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Court of Appeal provides further guidance on unduly harsh deportation test


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The unduly harsh test in deportation cases has been subject to litigation for years and we have written about it in several articles, most recently in relation to the  Supreme Court case of HA (Iraq). The Court of Appeal has now published its judgment in Sicwebu v Secretary of State for the Home Department [2023] EWCA Civ 550, which looks at the test again and clarifies some of the implications of HA (Iraq).


Mr Sicwebu is a South African national who has been living in the UK since 2004. He was granted indefinite leave to remain in 2006. In 2012, he married his British wife and they have three daughters together. Mr Sicwebu’s wife has several health conditions.

In 2017, Mr Sicwebu was convicted of assaulting a child and sentenced to 32 months’ imprisonment.

The Secretary of State first issue a deportation order in 2017 following the criminal conviction, which was unsuccessfully appealed. In 2019, the case came before the First-tier Tribunal again, after Mr Sicwebu made further representations in 2018. The appeal was allowed and the Tribunal found that deportation was incompatible with Article 8.

This judgment was appealed by the Secretary of State and, in 2020, the Upper Tribunal found that it would not be unduly harsh for the Mr Sicwebu’s wife and children to remain in the UK without him. Further permission to appeal was granted (on a limited basis) in 2022 and this case was heard by the Court of Appeal in April 2023.

In summary, the Court of Appeal was tasked with looking at whether the Upper Tribunal made an error of law in its application of the unduly harsh test, as set out in Section 117C (5) of the Nationality, Immigration and Asylum Act 2002. The test looks at both the “go scenario”, whether it would be unduly harsh for the partner and children to move to the country of origin with Mr Sicwebu, but also the “stay scenario”, whether it would be unduly harsh for the children and partner to remain in the UK without Mr Sicwebu’s. 

In the 2020 appeal in this case, the Upper Tribunal accepted that it would be unduly harsh for the Appellant’s wife and children to move to South Africa (especially considering the wife’s health conditions) but found that the “stay scenario” would not be unduly harsh, as the wife and children could cope in the UK without the Appellant.

The judgment

The Upper Tribunal made a number of material errors in 2020. The Court of Appeal clarified that, as set out in HA (Iraq), the unduly harsh test is highly fact sensitive and, when applying the test, a Court should assess all specific, relevant factors in the case.

On this basis, the Upper Tribunal judge failed to take into account some material factors. These mainly related to the impact that a permanent separation would have on the family, specifically looking at their circumstances. The judge failed to consider the impact that this would have on the oldest daughter, who had already been diagnosed with separation anxiety, but also on the Mr Sicwebu’s wife, considering her health issues and the fact that she was heavily pregnant with a third child at the time of the hearing.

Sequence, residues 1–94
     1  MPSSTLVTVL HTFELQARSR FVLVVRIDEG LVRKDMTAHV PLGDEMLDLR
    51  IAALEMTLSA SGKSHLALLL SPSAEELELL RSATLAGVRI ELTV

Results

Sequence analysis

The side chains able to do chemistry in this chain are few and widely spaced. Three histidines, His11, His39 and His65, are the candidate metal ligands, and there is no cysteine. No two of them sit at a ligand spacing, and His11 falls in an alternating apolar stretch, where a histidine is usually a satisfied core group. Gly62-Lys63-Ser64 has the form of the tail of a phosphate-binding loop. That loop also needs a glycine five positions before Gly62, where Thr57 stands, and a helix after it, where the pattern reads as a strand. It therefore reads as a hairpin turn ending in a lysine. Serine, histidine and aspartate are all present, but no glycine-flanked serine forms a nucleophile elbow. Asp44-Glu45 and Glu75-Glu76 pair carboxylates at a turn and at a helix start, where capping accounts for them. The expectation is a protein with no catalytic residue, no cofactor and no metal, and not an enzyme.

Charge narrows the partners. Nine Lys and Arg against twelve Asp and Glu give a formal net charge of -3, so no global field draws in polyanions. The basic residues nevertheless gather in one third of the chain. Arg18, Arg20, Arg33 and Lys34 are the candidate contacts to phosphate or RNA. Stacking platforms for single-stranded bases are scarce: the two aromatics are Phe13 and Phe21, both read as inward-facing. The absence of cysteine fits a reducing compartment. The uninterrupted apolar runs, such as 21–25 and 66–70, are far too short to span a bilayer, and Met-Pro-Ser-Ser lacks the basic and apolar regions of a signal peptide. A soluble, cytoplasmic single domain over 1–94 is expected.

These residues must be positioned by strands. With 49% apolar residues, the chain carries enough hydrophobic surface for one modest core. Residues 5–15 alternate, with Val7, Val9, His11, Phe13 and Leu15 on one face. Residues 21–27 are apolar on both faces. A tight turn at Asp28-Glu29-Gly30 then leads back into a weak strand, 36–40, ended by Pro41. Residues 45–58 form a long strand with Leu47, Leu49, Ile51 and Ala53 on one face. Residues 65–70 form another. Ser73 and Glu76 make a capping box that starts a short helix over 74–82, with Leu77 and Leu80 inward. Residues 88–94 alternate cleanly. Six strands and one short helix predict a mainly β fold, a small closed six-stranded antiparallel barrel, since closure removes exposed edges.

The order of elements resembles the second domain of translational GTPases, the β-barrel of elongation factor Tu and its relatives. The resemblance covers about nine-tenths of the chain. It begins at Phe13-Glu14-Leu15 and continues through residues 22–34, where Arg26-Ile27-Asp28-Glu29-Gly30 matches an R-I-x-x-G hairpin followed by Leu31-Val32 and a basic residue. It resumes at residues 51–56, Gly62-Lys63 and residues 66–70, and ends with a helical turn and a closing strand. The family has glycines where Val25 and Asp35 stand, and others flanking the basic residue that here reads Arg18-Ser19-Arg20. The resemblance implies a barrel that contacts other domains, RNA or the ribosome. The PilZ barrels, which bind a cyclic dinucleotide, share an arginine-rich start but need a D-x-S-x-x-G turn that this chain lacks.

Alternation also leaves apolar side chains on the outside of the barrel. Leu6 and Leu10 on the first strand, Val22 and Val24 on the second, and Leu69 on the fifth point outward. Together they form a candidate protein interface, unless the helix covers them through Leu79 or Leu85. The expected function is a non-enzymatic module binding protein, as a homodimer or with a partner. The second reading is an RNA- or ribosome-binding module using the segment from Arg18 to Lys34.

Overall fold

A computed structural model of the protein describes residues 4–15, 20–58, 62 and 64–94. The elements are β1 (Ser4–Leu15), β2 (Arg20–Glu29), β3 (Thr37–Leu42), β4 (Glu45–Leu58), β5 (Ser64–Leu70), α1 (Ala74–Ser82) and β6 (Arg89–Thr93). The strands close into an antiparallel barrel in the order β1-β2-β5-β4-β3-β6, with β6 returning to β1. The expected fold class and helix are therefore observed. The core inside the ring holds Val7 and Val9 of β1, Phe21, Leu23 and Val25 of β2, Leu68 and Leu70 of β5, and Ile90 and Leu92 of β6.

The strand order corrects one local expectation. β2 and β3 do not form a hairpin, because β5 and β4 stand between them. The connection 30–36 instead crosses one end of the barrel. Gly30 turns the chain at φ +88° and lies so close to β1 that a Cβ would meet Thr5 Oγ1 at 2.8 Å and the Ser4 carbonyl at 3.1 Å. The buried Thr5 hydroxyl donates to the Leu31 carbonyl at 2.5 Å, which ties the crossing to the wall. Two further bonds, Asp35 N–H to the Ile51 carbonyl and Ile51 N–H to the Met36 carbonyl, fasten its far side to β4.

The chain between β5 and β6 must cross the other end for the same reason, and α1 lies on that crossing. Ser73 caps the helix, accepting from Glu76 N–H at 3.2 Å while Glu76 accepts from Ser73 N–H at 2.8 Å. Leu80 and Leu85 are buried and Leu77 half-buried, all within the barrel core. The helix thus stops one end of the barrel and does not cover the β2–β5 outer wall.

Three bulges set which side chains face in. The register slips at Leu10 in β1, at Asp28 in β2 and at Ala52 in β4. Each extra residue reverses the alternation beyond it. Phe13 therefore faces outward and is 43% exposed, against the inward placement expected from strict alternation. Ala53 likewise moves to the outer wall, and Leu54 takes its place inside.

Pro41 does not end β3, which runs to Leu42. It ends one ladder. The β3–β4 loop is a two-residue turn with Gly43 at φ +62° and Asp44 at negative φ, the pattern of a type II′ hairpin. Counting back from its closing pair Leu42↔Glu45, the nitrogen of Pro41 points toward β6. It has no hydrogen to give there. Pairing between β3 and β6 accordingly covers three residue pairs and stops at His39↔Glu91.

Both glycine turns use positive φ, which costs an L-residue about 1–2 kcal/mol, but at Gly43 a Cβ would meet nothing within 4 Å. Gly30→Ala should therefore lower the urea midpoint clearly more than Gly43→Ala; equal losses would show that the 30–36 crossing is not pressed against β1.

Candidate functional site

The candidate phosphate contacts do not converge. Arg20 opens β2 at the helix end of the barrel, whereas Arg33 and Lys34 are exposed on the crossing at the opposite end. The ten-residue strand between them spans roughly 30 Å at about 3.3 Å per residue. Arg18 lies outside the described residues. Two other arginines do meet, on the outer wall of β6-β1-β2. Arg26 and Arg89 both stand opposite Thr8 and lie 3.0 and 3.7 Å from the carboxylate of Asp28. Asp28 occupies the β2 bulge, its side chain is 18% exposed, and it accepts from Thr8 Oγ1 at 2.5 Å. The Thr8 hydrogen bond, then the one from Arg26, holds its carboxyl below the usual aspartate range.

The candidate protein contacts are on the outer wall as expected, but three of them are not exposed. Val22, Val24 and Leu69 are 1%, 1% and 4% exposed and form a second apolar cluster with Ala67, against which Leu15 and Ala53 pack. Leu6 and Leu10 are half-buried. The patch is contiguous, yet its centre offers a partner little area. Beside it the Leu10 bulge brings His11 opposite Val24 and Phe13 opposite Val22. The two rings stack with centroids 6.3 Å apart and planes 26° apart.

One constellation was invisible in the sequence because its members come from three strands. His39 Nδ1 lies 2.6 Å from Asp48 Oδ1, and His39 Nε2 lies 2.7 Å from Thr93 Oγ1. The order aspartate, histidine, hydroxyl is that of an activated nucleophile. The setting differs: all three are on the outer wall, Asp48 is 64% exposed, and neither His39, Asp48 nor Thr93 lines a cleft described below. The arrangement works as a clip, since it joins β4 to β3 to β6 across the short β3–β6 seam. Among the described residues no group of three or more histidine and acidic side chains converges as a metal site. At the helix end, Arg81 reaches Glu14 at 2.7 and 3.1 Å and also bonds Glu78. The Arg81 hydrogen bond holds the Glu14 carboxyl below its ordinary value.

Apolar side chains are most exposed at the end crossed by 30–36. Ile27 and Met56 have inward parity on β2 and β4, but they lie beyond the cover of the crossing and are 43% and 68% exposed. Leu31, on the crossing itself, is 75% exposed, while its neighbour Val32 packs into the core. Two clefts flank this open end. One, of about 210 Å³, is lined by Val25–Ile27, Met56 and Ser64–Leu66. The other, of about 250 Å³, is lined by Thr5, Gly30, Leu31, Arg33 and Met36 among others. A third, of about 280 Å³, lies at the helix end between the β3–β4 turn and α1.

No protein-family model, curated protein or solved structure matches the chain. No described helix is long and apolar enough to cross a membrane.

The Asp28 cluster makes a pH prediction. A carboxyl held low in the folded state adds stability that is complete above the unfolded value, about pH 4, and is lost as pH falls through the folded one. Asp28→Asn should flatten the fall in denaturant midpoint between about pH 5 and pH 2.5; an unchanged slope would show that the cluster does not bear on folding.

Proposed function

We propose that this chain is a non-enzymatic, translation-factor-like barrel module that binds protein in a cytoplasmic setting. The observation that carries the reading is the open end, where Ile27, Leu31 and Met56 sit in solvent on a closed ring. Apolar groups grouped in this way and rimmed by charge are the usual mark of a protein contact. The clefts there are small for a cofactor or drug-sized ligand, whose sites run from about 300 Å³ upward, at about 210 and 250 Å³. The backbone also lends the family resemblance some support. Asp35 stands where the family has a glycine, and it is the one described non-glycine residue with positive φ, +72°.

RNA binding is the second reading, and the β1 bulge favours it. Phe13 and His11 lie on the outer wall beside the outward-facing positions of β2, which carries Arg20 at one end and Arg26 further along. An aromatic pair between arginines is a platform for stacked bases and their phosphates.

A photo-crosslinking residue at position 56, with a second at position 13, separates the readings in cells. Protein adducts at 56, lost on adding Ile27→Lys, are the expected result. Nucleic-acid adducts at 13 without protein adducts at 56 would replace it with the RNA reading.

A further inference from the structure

The Upper Tribunal also failed to adequately consider and give weight to the expert evidence given by a psychologist relating to the impact the deportation would have on the oldest child. Interestingly, the Upper Tribunal judge was criticised by the court for making negative statements about the expert (suggesting that she had been criticised by the Tribunal in a previous case) without clarifying the basis for this or referring to relevant previous decisions.

Finally, the Tribunal made a material error of law as the judge compared the circumstances of the family, in the event of Mr Sicwebu being removed from the UK, to those of single parent families in the UK. In essence, the Upper Tribunal found that should Mr Sicwebu be deported, his wife and children would not be worse off than any single parent family in the UK able to cope without the support of social services. The Court of Appeal found that this was plainly wrong and referred to the Supreme Court judgment in HA Iraq which made it clear that, when applying the unduly harsh test, a court cannot adopt a notional comparator but should only look at the specific circumstances of the case in question.

On this basis, the Court of Appeal allowed the appeal and remitted the case to the Upper Tribunal for a further hearing.

Unduly harsh test is highly fact-sensitive

This is another important decision that clarifies the much-litigated unduly harsh test in deportation cases. Importantly, the court re-emphasised the importance of a holistic assessment to be carried out when applying this test, taking into account all relevant factors in the specific circumstances. The court also made it clear that the assessment cannot be carried out by comparing the circumstances of the case against a baseline of unduly harshness but that the specific circumstances of the case need to be evaluated to assess whether, in the particular case, it would be unduly harsh for a family to be permanently separated.

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Francesca Sella

Francesca Sella

Francesca is an immigration and asylum solicitor at the Scottish Refugee and Migrant Centre at JustRight Scotland, Scotland's legal centre for justice and human rights.